If the Celtics do get past the Bucks, then they’ll likely face the 76ers or Heat in the Eastern Conference Finals. At this point in time, I’m going to say it’ll be the Heat; but you never know. The Heat have a talented and deep squad, with All-Stars Jimmy Butler, Bam Adebayo, and Kyle Lowry, former All-Star Victor Oladipo, 6th Man of the Year Tyler Herro, lockdown defender P.J. Tucker, and sharpshooter Duncan Robinson. That’ll be a tough team for Boston to beat, but again, like Kevin Garnett said in 2008; ANYTHING IS POSSIBLE! If they can beat the Bucks though, then I’m confident they can beat the Heat, and be named as 2022 Eastern Conference Champions.
If the Celtics were to make it to the Finals though, I’m worried about their chances against the Phoenix Suns or Golden State Warriors. Right now Golden State is looking especially scary with their death lineup, and Phoenix still has their core that went to the NBA Finals last year. I originally thought we’d have a Celtics-Warriors Finals matchup in 2018; it’s looks like we might be getting it 4 years later. Unfortunately, I don’t think the Celtics would win this matchup. But maybe, just maybe, they could prove us all wrong again and be named the NBA champions in the NBA’s 75th season. The most storied franchise in NBA history winning an NBA championship in the most historic season; what a storybook ending that would be.
Or the Celtics could lose sometime in the next two rounds and prepare for a run next year. Either way, the hiring of Ime Udoka was a great move by Brad Stevens. So was bringing back Al Horford. The Celtics shouldn’t mess with this roster; they should run it back next year.
The same can’t be said for the Nets. Something stinks in Brooklyn, and it isn’t the pizza. There were many clues that this season wouldn’t end in champagne as so many originally thought. Irving’s vaccination status, the declining play of the veterans, Durant’s injury, and Harden’s drama caused so much of this team’s downfall.
I think the biggest problem with the Nets was that they thought they could have a bumpy regular season, but just make it all work when it came playoff time. This was certainly not the case. You can’t expect a team that hasn’t been together for the majority of a season to suddenly find its way against the best defense in the NBA in the first round.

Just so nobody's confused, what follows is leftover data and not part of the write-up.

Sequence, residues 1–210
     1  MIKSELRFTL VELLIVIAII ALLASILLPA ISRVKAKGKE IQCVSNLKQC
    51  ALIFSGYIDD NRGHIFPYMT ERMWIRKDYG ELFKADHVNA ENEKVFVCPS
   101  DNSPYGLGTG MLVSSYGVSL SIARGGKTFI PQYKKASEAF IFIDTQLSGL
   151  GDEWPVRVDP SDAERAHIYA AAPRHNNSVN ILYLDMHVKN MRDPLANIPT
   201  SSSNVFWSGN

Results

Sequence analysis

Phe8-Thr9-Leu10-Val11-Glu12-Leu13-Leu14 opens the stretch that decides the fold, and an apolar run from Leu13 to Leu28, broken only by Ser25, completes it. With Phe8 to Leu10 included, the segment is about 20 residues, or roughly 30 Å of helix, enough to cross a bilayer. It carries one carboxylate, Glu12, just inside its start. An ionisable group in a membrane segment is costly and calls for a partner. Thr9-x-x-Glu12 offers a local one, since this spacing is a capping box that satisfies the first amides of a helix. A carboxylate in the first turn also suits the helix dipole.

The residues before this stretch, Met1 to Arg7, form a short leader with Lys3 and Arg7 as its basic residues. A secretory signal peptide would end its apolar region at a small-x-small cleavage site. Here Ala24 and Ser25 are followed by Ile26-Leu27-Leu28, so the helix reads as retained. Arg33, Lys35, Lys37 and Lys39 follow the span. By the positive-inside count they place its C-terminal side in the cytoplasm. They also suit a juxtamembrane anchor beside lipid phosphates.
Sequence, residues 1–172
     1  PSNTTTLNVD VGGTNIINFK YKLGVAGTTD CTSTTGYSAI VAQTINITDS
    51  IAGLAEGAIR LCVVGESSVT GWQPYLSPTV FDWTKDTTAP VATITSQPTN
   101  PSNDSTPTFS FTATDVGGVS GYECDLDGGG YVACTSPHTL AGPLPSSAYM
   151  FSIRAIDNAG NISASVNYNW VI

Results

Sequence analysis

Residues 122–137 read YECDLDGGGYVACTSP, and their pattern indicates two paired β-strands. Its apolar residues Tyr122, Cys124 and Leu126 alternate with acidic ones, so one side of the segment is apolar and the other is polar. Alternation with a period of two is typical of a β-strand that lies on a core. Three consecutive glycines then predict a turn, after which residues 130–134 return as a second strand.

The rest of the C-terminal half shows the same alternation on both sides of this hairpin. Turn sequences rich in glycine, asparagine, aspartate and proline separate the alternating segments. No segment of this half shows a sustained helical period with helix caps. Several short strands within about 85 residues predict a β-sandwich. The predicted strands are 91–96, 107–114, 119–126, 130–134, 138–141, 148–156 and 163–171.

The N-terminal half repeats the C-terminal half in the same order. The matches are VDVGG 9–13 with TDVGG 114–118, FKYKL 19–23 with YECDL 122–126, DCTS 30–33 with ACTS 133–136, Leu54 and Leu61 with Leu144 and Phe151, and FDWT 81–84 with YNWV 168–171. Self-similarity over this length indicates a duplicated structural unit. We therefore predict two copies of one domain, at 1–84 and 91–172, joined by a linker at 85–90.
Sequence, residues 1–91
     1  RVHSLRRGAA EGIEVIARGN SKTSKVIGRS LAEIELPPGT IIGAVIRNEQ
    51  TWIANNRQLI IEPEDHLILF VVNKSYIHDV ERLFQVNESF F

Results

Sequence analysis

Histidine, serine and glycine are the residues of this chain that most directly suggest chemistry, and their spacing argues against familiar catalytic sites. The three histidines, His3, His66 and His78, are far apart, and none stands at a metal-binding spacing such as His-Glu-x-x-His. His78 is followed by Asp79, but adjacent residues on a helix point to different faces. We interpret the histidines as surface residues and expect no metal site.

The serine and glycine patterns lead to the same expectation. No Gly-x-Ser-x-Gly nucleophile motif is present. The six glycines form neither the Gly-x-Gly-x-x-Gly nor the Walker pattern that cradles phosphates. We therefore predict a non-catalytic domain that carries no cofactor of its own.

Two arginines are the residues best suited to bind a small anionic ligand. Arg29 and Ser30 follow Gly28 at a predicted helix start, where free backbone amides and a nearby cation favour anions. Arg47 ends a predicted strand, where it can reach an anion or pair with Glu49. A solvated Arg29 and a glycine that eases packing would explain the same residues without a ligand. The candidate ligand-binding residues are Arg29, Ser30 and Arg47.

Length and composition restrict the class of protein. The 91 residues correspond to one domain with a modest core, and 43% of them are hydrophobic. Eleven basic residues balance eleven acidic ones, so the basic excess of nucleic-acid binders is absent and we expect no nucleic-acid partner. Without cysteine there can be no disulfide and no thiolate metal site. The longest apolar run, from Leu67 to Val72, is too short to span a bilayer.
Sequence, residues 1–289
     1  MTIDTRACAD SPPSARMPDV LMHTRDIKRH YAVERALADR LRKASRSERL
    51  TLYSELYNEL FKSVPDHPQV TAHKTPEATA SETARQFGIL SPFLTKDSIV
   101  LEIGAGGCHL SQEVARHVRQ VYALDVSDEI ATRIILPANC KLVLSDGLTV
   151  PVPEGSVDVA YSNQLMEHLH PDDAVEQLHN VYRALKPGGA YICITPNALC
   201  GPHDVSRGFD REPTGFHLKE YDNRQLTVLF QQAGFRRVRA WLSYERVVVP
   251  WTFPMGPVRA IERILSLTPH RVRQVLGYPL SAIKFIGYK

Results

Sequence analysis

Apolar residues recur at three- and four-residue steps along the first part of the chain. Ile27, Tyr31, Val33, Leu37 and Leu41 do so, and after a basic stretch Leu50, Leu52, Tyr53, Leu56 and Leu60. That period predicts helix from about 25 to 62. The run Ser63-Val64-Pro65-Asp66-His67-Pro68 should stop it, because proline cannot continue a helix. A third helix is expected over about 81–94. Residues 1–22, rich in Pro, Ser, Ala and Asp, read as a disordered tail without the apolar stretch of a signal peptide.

However, I don’t think the Nets are in as bad of a position as people are making them out to be. What the Nets need is to have a good, healthy offseason in which Simmons recovers and returns to an All-NBA level. Durant and Irving need to work on their games a little bit, and most importantly, Sean Marks has to run this team, not Durant. We’ve seen how well teams come together when a superstar designs the roster; look at LeBron James choosing Russell Westbrook in the Western Conference. The Lakers didn’t even make the playoffs this year, and with Durant having an input in everything, the Nets are a first round exit.
The Nets need to have a front office in which the superstars don’t help make the decisions. Take a look at the Golden State Warriors or Miami Heat. They have great front offices that make smart decisions, and even when superstars want certain moves done, they have the security to say no. Examples of this include when Lebron James asked Pat Riley to coach instead of Erik Spolestra in Miami, or when Stephen Curry, Klay Thompson, and Draymond Green wanted Avery Bradley to have the last roster spot instead of Gary Payton II. These are great examples, and both of these rejected moves ended up being great decisions. The Nets need to have a backbone, and be ok with saying no.
What do you think about the trajectory of both of these teams? Let me know in the comments below, don’t forget to follow the NBA Blog, and as always, have an awesome day!